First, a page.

Can Ted Ginn Jr. Become the No. 1 Miami Dolphins Receiver?

m gContributor IMay 22, 2009

MIAMI - OCTOBER 26:  Wide receiver Ted Ginn Jr. #19 of the Miami Dolphins leaps up for a reception between cornerback Terrence McGee #24 and linebacker Kawika Mitchell #59 of the Buffalo Bills at Dolphin Stadium on October 26, 2008 in Miami, Florida. The Dolphins defeated the Bills 25-16.  (Photo by Doug Benc/Getty Images)

The race for the No. 1 wide receiver spot for the Miami Dolphins is on.

In my mind, Ted Ginn Jr. clinched the spot with his dramatic, game-clinching catch against the Seattle Seahawks last year when he was double-covered and had only inches to spare at the back of the end zone on a perfect throw from Chad Pennington.

Despite not getting the respect with Dolphin fans and the rest of the NFL alike, Ginn has made a major imprint on the return game alone since he was drafted by former coach Cam Cameron. That year alone, Ginn had four touchdowns called back because of penalties.

No one seems to mention that when they talk about Ginn taking over for a team that traded the popular and gifted Chris Chambers in the middle of the season. With Chambers having a lot of injuries since then, the trade looks good now but during a 1-15 campaign, it looked dreadful and forced Ginn into the lineup without a coach on the field.

Well now after a playoff run and a whole season at WR under his belt, it seems Ginn is poised to lead a young receiver corps that seems to thrive in anonymity. Let's go through the names and see if the average fan will know any without saying "nope."

Camarillo, London, Bess, Patrick Turner (rookie), Brian Hartline (rookie), Wilford, Armstrong, Lowber, Brennan Marion (rookie) and Chris Williams (rookie).

Are you stumped yet?

Believe it or not, they're a very talented and extremely gritty group that remind me of the 1970s Dolphins. The rookies will be tested very soon but the others do nothing but catch the ball and get "another Miami Dolphin first down."

Adding a QB like Pennington, who believes any one in his huddle can get it done, you have the makings of a solid offense with everything depending on a healthy offensive line to set up the run game, with above average running backs Ronnie Brown and Ricky Williams.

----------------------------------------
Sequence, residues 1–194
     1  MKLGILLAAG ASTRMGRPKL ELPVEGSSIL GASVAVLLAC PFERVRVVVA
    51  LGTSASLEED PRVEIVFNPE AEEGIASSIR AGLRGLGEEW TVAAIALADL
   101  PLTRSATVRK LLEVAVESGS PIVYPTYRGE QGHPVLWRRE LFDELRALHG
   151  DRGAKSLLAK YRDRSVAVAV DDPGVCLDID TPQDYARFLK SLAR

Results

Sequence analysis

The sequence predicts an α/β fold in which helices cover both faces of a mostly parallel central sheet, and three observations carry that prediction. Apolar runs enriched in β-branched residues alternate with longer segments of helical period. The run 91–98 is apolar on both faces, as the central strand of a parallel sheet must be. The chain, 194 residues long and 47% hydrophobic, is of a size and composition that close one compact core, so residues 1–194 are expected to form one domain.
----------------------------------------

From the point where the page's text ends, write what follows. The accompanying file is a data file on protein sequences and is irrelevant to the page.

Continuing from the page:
It seems WR Earnest Wilford is being set up to be an all-purpose receiver, blocker, and h-back even though he was frustrated by not seeing the ball a lot in his first year with the team. The Dolphins' front office's strong point is loyalty, consistency, and the belief that every player can make a difference.

Keep your eye on this situation since the Dolphins have two good tight ends in Fasano and Martin. Don't be surprised if Nalbonne isn't given a shot to catch the ball because of his size and strength at 6'5" and 260 lbs. Ireland and Parcells haven't really missed on a TE in years.

Dolphin fans should be very excited, because the offense will be even more creative since the team has been together for a while and aren't looking to pay big money for costly stars like Anquan Boldin to come in and lack results. Now I'm not saying Boldin wouldn't be a good fit, he would. But at what cost?

Receiver coach Karl Dorrell is a former receiver in the NFL and was a head coach for the UCLA Bruins, so he has the pedigree to develop this unit into the top half of the AFC. With the "Wildcat" and a successful run game though, how good do they really have to be?

Against teams like their AFC rivals the Patriots, Jets and Bills, the Dolphins won with ball control and not high scoring shootouts.  Therefore, the receivers just need Ginn to be the superstar, Bess as the replacement if he goes down, Camarillo as the latest edition of Welker, and the rest to work hard and learn their roles in the clutch.

This particular aspect of the offense will be improved and the rest of the league will find it hard to defensively match the offensive playbook of the 2009 Miami Dolphins.